• 4 Miles
  • Drive from Denver: 55 minutes
  • Family friendly
  • Dog friendly
  • Great views
  • Wildflowers

Mary’s Mountain

If you’re looking to escape urban or suburban life for the day, this trail is a must, even if you don’t hike the entire length. Located just outside the cute foothills town of Manitou Springs, this trail is a great way to see several of nature’s favorite attractions at once: beautiful wildflowers, mountain streams, interesting rock formations and aspen groves (with golden leaves in fall). You’ll start on Barr Trail, but once you leave this well-known route you’re unlikely to see other hikers. When you’re done, be sure to stop by the eclectic downtown to experience the arts and culture scene before heading home.

  • 10.9 miles
  • Drive from Denver: 75 minutes
  • Dog friendly
  • Wildflowers

Shelf Lake

Shelf Lake near Silver Plume is one of the best places to see glorious early-season flowers, but it is off the beaten path. If you don’t want to park before the road the trailhead is on and hike up (adding a few miles to your trip), you’ll need a high clearance four-wheel-drive vehicle or the confidence/connections to hitch a ride with someone who does. The added challenge pays off though with beautiful views and a magical (albeit a little chilly) mountain lake at the end.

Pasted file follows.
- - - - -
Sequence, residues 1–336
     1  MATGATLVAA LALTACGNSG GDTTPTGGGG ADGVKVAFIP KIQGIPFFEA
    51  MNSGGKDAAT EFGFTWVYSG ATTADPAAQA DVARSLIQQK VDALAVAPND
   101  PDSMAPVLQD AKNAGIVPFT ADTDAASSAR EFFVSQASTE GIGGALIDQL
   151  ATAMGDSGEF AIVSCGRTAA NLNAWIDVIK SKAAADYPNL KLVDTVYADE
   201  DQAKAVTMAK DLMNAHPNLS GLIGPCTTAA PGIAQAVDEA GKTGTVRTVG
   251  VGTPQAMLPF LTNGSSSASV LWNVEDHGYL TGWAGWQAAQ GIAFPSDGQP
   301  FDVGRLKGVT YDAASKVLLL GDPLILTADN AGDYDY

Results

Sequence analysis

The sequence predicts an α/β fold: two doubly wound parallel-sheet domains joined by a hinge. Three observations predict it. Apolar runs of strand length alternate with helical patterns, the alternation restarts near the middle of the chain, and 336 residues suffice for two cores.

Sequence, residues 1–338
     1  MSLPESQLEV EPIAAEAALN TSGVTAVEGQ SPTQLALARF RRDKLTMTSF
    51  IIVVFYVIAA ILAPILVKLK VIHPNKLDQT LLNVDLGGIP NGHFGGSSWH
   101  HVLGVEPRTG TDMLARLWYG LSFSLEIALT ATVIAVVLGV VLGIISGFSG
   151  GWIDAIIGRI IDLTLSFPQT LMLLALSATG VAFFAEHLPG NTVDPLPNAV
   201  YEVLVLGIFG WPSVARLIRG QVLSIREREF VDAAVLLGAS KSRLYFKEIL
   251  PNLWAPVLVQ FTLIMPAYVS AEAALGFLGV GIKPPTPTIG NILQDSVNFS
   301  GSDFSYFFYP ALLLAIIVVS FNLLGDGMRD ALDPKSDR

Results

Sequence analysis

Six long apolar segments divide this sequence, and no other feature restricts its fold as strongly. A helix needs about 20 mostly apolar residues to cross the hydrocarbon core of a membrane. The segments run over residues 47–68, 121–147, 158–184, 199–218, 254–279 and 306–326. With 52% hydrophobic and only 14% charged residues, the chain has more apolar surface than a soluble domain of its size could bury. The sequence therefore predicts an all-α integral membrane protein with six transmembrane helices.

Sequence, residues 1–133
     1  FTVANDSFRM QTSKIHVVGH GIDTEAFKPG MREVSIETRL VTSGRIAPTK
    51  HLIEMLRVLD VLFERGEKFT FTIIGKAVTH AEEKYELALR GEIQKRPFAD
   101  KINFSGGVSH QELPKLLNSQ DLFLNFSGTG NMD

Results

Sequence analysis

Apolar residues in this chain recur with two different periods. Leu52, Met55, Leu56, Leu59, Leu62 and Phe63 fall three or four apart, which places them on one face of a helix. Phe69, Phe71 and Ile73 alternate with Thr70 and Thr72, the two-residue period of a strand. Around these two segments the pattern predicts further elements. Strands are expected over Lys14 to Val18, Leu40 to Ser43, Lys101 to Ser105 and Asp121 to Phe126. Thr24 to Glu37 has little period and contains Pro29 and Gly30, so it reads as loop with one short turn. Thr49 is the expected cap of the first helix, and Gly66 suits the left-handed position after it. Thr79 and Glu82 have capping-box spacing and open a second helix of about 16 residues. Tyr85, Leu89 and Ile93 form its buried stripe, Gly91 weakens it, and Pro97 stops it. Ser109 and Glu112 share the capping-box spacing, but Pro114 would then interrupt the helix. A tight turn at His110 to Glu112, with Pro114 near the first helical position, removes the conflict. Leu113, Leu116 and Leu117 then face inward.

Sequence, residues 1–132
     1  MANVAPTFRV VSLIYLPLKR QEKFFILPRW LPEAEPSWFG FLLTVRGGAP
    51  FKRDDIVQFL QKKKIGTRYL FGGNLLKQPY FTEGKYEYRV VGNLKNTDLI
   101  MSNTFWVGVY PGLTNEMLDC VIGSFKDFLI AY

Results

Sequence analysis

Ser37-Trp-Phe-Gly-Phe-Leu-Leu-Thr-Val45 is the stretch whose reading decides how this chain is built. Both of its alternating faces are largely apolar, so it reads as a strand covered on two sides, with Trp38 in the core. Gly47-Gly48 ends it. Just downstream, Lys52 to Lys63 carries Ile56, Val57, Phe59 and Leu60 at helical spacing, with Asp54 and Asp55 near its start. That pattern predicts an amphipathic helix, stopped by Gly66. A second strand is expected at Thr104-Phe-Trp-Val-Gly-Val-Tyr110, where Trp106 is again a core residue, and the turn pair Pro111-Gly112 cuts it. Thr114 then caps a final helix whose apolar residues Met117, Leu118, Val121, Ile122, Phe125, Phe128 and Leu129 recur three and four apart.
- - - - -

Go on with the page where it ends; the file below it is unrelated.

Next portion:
• 6.8 miles
  • Drive from Denver: 90 minutes
  • Dog friendly
  • Great views
  • Lake

Hard Front Range hikes

Mount Parnassus via Watrous Gulch

This trail is a great way to get a 13er under your belt this summer. It treats you to insanely beautiful views of the Front Range, but the trade-off is a pretty challenging final mile. We suggest heading out early in the day to avoid thunderstorms up high, and bring an extra layer for the cool winds at the top. An early morning start has its perks – you have prime pick of parking in a nice big lot and time to enjoy some road-trip coffee before you embark on your trek.

  • 6.7 miles
  • Drive from Denver: 1 hour
  • Dog friendly
  • Great views

Herman Gulch